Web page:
The U.S. and Europe have begun imposing the toughest sanctions on Iran since the nuclear crisis began a decade ago but it could be months before they start to affect negotiations, writes Michael Adler in AOL Defense.
Ottaway writes that three years after the beginning of the Arab uprisings, Tunisia and Egypt are moving in different directions. Tunisia is moving in a democratic direction because well-established political and civil society organizations counterbalance each other, forcing compromise. In Egypt, politics pitted the Muslim Brotherhood against the military and other state institution, inevitably leading to the triumph of the state. A new process of democratization is unlikely to start without other uprisings.
U.S. and Iranian officials are praising nuclear talks in Geneva this week as a key diplomatic success, but the problems that torpedoed previous efforts to win guarantees from Iran that it will not seek the bomb appear undiminished, writes Michael Adler on The Daily Beast.
The age and illness of King Abdullah bin Abdulaziz al-Saud of Saudi Arabia have raised anew the concern that the fate of the world's key oil producer is now in the hands of an ailing gerontocracy. Wilson Center Senior Scholar David Ottaway analyzes the line to the Saudi crown.
Hassan Rouhani’s surprising first round victory in the presidential elections represents a significant shift in the Iranian political landscape. In a field of candidates dominated by conservatives, Rouhani ran as a moderate. He questioned the necessity of the expanding security state and the constant oversight of student and civil society associations by the security agencies. He spoke of the need for greater freedom of press and speech, and devoted attention to women’s rights issues. Whether he will succeed, or whether he will initiate a change of direction only to be blocked by yet another rightwing backlash, remains to be seen.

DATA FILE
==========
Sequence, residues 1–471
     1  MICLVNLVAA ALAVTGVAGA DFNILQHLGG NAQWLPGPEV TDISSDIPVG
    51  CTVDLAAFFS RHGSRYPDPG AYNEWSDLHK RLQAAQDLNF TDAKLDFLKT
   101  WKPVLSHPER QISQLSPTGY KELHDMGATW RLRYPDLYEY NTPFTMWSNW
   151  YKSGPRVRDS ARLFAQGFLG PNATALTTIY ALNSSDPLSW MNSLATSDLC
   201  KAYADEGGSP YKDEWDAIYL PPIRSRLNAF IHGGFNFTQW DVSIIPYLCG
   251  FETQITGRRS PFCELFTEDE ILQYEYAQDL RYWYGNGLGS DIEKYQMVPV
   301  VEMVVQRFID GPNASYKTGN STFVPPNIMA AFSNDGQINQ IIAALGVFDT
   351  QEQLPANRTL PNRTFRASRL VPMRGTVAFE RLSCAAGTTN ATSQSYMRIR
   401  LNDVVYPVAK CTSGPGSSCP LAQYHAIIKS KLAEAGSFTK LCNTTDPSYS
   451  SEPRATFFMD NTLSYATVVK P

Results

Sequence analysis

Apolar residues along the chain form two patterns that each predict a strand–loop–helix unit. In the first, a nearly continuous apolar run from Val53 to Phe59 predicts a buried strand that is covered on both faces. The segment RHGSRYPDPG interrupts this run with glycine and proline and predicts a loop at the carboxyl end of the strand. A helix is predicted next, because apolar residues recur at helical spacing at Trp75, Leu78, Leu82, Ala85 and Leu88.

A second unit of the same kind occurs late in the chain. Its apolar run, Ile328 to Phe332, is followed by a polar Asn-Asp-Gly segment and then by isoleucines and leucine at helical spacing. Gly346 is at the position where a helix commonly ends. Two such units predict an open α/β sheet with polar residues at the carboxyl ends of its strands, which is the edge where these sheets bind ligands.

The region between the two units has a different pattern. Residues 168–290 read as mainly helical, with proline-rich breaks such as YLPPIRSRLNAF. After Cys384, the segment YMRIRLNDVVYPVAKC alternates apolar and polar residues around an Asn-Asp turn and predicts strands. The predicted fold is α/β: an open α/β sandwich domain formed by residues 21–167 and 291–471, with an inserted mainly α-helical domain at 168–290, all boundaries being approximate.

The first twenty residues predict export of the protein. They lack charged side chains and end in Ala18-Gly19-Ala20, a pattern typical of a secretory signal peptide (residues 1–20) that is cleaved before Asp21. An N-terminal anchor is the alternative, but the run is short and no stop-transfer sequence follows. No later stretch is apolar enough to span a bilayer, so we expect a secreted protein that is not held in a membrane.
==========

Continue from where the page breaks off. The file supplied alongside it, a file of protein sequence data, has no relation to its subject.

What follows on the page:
Since Tuareg nationalists and al-Qaeda seized control of northern Mali in February 2012, the world has been dithering about what to do. Neither the United States nor Algeria, two potentially key actors in the unfolding drama, has decided on its role yet. Mali’s neighbors, the African Union, and the UN Security Council have not wanted to take any risky action and have found ways to put off a military response in the slim hope of finding a political solution.
Diplomatic solutions are retaking center stage as recent developments—Iran’s parliamentary vote and the Netanyahu-Obama meeting—lead to a palpable softening of rhetoric, reducing the likelihood of imminent military action, Wilson Center expert Michael Adler tells Context.
Robin Wright spoke on a panel on MSNBC's Morning Joe about the nuclear deal reached with Iran over the weekend.